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Supporting AVP Facilitators in Nepal

                by John Michaelis

Kishor, John and Subhash, the facilitation team

I was privileged to travel to Kathmandu in 2008 to meet and facilitate several AVP workshops with Subhash Kattel including his facilitator training. Since then he has organized and facilitated about fifty workshops in Nepal, most of them AVP Basics. Earlier this year he was asked by the United Nations (UN HCR) to organize a series of workshops in two refugee camps in Eastern Nepal where violence has been on the rise in recent years.


The kingdom of Bhutan, a small country bounded by West Bengal, Sikkim and Tibet and China, has interested me since I learned they base their economy on the GHI (Gross Happiness Index) rather than GDP (Gross Domestic Product). However, my opinion of Bhutan has changed since I learned that seventeen years ago they forced out more than 100 thousand of their population, mostly ethnic Nepalese, more than fifty thousand of whom are still housed in refugee camps near Damak, in South East Nepal.

(Map below courtesy of Human Rights Watch)

As often is the case in such situations, substance abuse in the camps – mainly alcohol consumption by men – has risen to the point where violence against women and children has become a serious problem.

I received a plea from Subhash a month or so ago to drop everything and come to assist in training a facilitation team to work in the camps. The training is now complete. Fourteen new facilitators are keen to practice newly acquired skills. I plan to remain in Kathmandu for a few more days to meet with camp organizers to discuss future plans.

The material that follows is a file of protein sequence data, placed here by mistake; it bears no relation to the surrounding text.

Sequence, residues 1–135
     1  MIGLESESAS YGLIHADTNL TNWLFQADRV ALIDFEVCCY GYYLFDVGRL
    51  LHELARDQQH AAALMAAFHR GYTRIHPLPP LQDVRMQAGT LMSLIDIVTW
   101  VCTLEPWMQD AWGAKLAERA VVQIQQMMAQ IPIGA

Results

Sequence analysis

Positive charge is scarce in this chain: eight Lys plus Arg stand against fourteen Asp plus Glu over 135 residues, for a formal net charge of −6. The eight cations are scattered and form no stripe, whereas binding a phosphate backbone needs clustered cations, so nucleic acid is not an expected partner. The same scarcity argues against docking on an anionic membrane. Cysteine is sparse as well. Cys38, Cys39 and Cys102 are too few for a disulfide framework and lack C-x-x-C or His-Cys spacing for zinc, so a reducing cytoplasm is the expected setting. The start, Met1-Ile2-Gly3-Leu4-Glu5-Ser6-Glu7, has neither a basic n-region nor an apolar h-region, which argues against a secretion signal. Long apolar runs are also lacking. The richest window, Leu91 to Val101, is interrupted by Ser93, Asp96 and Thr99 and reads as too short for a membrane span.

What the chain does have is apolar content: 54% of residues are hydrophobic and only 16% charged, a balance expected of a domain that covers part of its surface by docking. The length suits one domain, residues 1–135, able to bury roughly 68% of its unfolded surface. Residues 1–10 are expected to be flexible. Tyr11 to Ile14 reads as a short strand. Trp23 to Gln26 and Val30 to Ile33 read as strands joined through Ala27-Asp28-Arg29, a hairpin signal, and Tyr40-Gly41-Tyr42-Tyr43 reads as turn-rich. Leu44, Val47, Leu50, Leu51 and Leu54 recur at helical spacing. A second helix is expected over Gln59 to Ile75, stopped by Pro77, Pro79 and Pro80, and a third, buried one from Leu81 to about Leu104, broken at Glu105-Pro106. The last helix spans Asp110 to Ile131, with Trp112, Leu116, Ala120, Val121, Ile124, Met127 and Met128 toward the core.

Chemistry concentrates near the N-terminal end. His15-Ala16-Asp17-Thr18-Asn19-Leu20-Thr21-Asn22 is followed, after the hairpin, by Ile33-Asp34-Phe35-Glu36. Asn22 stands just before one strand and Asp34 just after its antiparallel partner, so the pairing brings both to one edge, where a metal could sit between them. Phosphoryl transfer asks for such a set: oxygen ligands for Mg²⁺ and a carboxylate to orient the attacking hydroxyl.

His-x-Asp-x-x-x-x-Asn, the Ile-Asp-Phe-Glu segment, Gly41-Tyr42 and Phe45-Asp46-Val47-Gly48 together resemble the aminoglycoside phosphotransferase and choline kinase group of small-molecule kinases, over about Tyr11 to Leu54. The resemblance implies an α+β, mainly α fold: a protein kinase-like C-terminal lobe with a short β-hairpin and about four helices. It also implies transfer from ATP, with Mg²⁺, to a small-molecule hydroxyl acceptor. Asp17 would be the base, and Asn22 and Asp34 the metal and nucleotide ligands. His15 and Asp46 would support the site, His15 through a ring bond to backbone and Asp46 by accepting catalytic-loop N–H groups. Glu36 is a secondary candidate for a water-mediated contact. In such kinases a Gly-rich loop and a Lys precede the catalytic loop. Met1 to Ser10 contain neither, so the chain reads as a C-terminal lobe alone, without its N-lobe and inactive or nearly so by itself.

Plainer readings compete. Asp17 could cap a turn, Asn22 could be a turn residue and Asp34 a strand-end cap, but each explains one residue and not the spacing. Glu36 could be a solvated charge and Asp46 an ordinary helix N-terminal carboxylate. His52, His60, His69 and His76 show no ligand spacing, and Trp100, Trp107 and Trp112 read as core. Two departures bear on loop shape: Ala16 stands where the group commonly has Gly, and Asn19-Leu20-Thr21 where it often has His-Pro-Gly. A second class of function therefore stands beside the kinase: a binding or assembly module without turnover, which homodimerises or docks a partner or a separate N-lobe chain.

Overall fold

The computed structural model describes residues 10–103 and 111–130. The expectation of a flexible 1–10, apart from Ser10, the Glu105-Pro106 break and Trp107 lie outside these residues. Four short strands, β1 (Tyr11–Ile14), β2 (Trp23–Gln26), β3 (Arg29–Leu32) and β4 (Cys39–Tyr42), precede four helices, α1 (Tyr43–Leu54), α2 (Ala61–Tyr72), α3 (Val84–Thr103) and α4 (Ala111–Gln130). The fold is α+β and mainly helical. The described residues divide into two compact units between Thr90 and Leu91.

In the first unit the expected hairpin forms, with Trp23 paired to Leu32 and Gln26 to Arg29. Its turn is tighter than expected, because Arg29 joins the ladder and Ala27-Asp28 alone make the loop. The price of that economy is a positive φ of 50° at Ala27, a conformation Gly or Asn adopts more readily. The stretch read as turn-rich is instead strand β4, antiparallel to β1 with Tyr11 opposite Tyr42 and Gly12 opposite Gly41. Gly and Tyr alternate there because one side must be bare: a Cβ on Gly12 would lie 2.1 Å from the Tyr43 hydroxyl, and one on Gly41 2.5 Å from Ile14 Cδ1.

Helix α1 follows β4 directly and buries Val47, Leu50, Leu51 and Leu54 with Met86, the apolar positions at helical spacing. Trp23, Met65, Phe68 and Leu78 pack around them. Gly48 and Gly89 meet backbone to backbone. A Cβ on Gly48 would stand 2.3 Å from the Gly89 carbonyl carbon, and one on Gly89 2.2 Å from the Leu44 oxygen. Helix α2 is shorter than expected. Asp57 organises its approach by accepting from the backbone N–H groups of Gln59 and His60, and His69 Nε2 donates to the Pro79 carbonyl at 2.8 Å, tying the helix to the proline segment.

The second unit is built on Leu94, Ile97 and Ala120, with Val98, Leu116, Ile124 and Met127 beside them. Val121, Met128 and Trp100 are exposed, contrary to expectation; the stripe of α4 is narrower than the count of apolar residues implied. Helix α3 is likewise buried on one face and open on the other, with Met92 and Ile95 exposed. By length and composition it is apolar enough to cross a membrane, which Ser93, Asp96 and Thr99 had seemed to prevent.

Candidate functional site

I followed much of the AVP process I learned from Nadine in Indonesia. In the Advanced and T4F (training for facilitators) AVP workshops the participants set ground rules they would follow in their daily lives, not just while they were in the workshop. They chose as a goal, to live AVP transforming power in their lives. They felt that transforming power as described in the AVP mandala was insufficient for their purpose and after thoughtful discussion they defined transforming power as loving yourself, loving other people as you would like to be loved, and practicing integrity in all aspects of life.

New (and some not so new) facilitators

The consensus process in the advanced workshop followed the principles of discernment. We practiced times of silence, listening to each other speak from the silence, recognizing the wisdom of each participant and seeking the best solution for the situation regardless of personal interest. We dealt with complex decisions including whether to not to cancel a basic workshop that was scheduled to follow the T4F.

An amazing group of fourteen facilitators were trained, and four of them including Subhash are now in one of the refugee camps in Damak facilitating the first workshop there. They hope to complete at least twenty workshops by year end.